Reported SightingsWritten by Rick Nowell
|(c) 2011 Worldwide Meteor/Meteorite News and Google Earth|
Sunday, 15 May 2011 10:07
The dark night sky of Cranbrook was lit up like daylight early Saturday morning at 2:17am (Mountain Daylight Time) when a huge meteor rocketed overhead. Appearing as a dim dot at first, likely 100km high to the North, it rapidly grew into a big white ball as big as the moon, with a tail behind it.
Fireball First Appearance<http://www.
Fireballs First Appearance from High
It flared into brilliance, lighting up the whole sky and layers of white clouds to the Southwestern horizon. Within four seconds the flare sank as it moved a bit South of West, sinking down into the clouds, towards the setting Moon and Creston and Spokane way. It headed in a direction of about 230 degrees. Then a dull rumble of thunder sonic boom followed after it since it was going at supersonic speeds.
Fireball with Tail<http://www.bcmeteors.net/
Fireball Develops Tail, Passes Over Cranbrook
Reports are coming in from across Southwestern Alberta, Southeastern BC, Idaho, and Washington. People have seen it along a broad strip from Calgary, Bowden, Red Deer, Cranbrook, Spokane, Coeur d"Alene, Nelson, Kamloops, Penticton and Kelowna, Most describe an intense greenish white ball of light, hitting somewhere around Kelowna. Ed Majden found these reports at http://lunarmeteoritehunters.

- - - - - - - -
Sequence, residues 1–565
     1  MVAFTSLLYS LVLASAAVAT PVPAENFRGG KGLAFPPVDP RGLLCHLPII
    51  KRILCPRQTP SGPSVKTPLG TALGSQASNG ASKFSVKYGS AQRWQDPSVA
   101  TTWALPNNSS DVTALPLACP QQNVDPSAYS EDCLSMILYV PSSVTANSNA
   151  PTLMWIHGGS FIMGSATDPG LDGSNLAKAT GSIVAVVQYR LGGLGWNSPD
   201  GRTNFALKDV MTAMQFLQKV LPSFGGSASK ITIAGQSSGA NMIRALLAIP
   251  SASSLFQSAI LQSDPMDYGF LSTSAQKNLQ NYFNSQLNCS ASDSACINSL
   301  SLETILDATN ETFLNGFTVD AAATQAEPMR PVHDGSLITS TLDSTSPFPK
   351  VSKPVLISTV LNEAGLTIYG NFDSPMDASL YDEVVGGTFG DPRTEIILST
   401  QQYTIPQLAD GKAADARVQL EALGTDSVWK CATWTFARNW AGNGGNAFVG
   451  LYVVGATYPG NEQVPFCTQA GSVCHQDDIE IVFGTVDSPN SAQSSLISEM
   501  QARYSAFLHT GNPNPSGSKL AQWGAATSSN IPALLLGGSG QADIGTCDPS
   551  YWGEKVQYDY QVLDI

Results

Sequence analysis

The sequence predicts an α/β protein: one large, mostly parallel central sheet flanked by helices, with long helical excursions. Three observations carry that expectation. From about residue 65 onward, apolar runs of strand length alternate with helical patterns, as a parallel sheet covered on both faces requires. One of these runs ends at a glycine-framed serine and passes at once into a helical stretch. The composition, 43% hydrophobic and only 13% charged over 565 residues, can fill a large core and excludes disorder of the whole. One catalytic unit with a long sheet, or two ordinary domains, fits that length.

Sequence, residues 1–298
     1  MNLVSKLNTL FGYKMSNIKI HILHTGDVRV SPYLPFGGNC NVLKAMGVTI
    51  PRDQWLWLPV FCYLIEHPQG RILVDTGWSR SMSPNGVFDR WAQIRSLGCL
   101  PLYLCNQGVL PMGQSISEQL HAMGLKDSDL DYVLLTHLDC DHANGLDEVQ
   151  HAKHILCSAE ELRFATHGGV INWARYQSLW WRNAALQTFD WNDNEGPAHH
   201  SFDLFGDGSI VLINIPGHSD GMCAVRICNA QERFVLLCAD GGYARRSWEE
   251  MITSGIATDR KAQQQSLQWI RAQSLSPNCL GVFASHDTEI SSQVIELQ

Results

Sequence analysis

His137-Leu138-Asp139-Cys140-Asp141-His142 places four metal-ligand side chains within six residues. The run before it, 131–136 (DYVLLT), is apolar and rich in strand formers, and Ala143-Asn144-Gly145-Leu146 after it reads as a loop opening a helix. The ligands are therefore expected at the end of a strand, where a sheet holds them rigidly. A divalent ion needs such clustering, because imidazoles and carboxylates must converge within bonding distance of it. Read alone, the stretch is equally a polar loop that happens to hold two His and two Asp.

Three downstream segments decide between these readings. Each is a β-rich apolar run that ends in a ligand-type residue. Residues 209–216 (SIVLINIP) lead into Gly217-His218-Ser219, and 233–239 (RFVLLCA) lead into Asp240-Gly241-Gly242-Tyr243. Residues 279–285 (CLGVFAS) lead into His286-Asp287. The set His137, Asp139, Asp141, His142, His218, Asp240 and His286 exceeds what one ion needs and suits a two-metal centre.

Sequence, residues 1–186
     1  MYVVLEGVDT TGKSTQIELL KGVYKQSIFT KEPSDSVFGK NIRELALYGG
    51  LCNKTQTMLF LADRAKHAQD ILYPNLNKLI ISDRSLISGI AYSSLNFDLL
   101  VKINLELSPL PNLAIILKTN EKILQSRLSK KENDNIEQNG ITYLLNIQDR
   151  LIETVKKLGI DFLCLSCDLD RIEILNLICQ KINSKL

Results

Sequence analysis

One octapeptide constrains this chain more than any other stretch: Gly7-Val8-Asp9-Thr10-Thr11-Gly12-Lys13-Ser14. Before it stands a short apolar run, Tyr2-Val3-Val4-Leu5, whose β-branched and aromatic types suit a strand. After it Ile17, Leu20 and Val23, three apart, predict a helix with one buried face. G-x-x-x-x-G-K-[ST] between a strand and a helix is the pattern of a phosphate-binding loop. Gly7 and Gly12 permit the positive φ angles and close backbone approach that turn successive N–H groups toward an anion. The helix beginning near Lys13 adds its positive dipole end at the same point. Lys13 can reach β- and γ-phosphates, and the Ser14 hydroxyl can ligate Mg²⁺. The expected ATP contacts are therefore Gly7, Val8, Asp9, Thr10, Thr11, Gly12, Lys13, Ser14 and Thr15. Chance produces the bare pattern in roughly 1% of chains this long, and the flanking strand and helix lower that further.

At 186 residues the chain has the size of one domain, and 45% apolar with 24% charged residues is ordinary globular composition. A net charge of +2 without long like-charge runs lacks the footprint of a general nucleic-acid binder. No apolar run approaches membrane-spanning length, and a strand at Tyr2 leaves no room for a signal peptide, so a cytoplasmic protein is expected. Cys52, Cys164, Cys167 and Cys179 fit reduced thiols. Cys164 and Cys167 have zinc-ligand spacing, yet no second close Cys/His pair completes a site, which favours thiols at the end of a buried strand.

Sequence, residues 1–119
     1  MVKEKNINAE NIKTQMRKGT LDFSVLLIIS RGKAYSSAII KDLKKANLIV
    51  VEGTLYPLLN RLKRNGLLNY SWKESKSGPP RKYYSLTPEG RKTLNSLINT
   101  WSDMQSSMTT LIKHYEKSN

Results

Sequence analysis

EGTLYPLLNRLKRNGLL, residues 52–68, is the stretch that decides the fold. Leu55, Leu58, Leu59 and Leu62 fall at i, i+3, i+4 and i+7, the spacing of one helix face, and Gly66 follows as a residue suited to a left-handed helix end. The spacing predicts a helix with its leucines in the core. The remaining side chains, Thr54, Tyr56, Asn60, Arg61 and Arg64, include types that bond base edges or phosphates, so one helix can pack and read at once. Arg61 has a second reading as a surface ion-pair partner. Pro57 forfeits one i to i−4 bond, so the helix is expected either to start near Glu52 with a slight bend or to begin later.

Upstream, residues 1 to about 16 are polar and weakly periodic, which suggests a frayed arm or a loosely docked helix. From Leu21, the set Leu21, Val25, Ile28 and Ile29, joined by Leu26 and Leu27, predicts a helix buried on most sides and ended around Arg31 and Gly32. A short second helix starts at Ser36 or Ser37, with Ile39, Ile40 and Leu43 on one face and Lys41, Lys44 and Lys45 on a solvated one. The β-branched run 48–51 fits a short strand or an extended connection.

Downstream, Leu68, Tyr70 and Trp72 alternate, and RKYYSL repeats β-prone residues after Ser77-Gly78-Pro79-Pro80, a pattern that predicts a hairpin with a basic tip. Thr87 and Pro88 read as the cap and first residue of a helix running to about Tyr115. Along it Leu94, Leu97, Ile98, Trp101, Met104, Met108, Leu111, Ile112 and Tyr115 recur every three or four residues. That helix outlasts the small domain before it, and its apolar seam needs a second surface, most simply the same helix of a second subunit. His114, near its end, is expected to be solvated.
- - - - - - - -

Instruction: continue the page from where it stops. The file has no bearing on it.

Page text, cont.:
At Cranbrook, the College of the Rockies Meteor camera imaged it for 9 seconds as it went overhead. The camera has a wide-angle fisheye lens, so be aware the video frames above show the entire sky, with the horizon as a ring around the edge. North is at the 3 o'clock position, East at 12 o'clock. The streetlights of Cranbrook are along the bottom right, you can see two tall trees at 10 o'clock lit up from the College parking lot. The Sentinel camera is black and white (for best starlight sensitivity) so these orange colours are false. We can't verify the green tint people reported. (I can verify the thunder, since I heard that too, after the flash. I thought it was a distant thunder storm...)
Dave Balam from the Dominion Astrophysical Observatory says "I've searched the DAO images from last night and we were completely overcast. Too bad....that's a classic bollide and could have dropped a few stones."
Dr Ken Tapping from the Herzberg Institute of Astrophysics in Penticton says: "I think I got it too, although my time is a little different. 2011May14 at 08:19:00 UT. In EastNorthEast, heading SouthEast, just above the ENE edge of my camera field, and rapidly leaving it. Broadening and brightening rapidly, but I did not get the really bright stuff. That is one heck of a video."
Copyright © 2011 The British Columbia Meteor Network. All Rights Reserved.
thanks to Rick Nowell at College Of The Rockies, Cranbrook BC, Canada